And indeed, some individuals who work hard labor jobs that require constant repetition of muscularly exhausting movements seem to defy the common sense idea that ultravolume will always result in some kind of broken, wasted body.[/quote]
You seem to be going around in circles and i regret posting a reply. i think i may stop if this doesn’t change…[quote]
In addition, rest periods of weeks without working a muscle also seems ridiculous, but I have seen that work as well. I’ve witnessed individuals in the army subjected to unheard of volumes of bodyweight exercises worn down to nothing, then given a number of weeks without any workouts at all, and the result is a stronger, more rugged indivual when tested after the rest period. [quote]
It is called over training - and supercompensation.
Your problem is you have witnessed some phenomena of fitness progression and you don’t have the knowledge to comprehend it - you are not really hitting on anything most here don’t know already i’m afraid mate… all pretty basic stuff actually.[quote]
I am not speaking hypothetically here. These are real responses to high volume that I have witnessed. Now, I am asking…WHY?[/quote]
No, you are speaking… well - kinda without knowledge.
Yes volume works, but it is not fundamental to training.
The fact is, for maximal growth you need to stimulate the muscle. To do this you need to put it through a period that it has never encountered before - this is called overload.
This can be a higher load, more reps, a HIGHER VOLUME.
Then you have super-compensation, which is what we rest for and why ‘they’ say we grow when we rest… tis’ true.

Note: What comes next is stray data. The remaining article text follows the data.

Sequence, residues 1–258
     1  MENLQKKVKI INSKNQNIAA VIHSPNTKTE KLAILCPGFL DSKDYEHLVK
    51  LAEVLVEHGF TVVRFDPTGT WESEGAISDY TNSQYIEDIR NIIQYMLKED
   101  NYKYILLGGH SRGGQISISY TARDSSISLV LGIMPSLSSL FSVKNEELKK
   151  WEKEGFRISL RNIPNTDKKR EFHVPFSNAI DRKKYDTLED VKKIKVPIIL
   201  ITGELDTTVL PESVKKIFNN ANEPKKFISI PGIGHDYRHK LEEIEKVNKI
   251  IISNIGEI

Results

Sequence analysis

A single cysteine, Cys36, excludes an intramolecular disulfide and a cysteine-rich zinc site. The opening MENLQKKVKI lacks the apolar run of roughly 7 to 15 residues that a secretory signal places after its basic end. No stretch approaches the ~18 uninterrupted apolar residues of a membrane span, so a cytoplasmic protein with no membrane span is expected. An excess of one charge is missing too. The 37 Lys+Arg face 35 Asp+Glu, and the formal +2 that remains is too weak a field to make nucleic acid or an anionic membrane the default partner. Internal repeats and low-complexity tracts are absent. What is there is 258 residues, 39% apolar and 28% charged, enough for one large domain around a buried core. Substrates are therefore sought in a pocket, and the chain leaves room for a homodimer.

We train (in whatever fashion suitable for the goal and person) and then we need to rest that muscle in order to let it adapt. IF for example (going back to the weeks of rest and coming back stronger) one over-trains… say with a volume that is too high/an insufficient diet/poor lifestyle to allow sufficient R&R (like what i did there?) to allow the muscle to adapt over that period of time, then a break of a week - or even a few eeeks if the overload was sufficiently challenging, a break of that length will be the time the body needs to recuperate and grow that muscle and adapt the CNS to that workload and the athlete (or private) will come back refreshed, ready to work harder than ever and stronger.
People employ this method all the time.
As for maximal fibre stimulation… well, fast reps do mean you employ the fast twitch fibres more as the speed increases the load lifted significantly, and the slowing of that repetition can often be attributed to the fatigue of those fibres and thus less fibres being available to do the work necessary.
Of course due to the ‘size principle’ it is also true that if you take a moderate load and rep out… you will go through all the fibres available as you fatigue - and is the EXACT reason one trains to failure (or damn near) when training for muscle growth.
There is a hell of a lot more but that covers the basics you mentioned.
It is a fascinating subject and one (if interested) which will allow you many MANY hours of study (trust me, i know) but you are attempting to re-invent the wheel there bud, and it just doesn’t need it at that level.